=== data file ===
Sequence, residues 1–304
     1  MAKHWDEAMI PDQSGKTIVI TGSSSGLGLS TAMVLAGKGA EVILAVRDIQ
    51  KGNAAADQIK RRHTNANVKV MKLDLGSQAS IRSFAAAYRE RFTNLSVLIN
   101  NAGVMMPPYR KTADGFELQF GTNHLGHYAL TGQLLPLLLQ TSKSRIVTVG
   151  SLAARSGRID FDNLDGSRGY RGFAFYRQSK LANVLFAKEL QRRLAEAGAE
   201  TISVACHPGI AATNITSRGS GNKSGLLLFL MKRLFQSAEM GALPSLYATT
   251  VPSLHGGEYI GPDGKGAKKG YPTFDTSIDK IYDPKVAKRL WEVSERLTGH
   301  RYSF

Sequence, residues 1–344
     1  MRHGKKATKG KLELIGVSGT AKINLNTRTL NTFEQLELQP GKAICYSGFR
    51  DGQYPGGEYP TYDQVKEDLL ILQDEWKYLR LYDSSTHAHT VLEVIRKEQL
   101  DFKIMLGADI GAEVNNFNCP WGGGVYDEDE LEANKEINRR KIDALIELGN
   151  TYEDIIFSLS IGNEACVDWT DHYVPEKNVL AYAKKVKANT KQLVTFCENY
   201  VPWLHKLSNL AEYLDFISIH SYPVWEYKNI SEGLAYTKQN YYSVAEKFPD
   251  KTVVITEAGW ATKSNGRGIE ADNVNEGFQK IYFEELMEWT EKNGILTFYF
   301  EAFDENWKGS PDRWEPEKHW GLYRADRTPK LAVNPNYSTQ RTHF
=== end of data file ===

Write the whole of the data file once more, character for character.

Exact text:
Sequence, residues 1–304
     1  MAKHWDEAMI PDQSGKTIVI TGSSSGLGLS TAMVLAGKGA EVILAVRDIQ
    51  KGNAAADQIK RRHTNANVKV MKLDLGSQAS IRSFAAAYRE RFTNLSVLIN
   101  NAGVMMPPYR KTADGFELQF GTNHLGHYAL TGQLLPLLLQ TSKSRIVTVG
   151  SLAARSGRID FDNLDGSRGY RGFAFYRQSK LANVLFAKEL QRRLAEAGAE
   201  TISVACHPGI AATNITSRGS GNKSGLLLFL MKRLFQSAEM GALPSLYATT
   251  VPSLHGGEYI GPDGKGAKKG YPTFDTSIDK IYDPKVAKRL WEVSERLTGH
   301  RYSF

Sequence, residues 1–344
     1  MRHGKKATKG KLELIGVSGT AKINLNTRTL NTFEQLELQP GKAICYSGFR
    51  DGQYPGGEYP TYDQVKEDLL ILQDEWKYLR LYDSSTHAHT VLEVIRKEQL
   101  DFKIMLGADI GAEVNNFNCP WGGGVYDEDE LEANKEINRR KIDALIELGN
   151  TYEDIIFSLS IGNEACVDWT DHYVPEKNVL AYAKKVKANT KQLVTFCENY
   201  VPWLHKLSNL AEYLDFISIH SYPVWEYKNI SEGLAYTKQN YYSVAEKFPD
   251  KTVVITEAGW ATKSNGRGIE ADNVNEGFQK IYFEELMEWT EKNGILTFYF
   301  EAFDENWKGS PDRWEPEKHW GLYRADRTPK LAVNPNYSTQ RTHF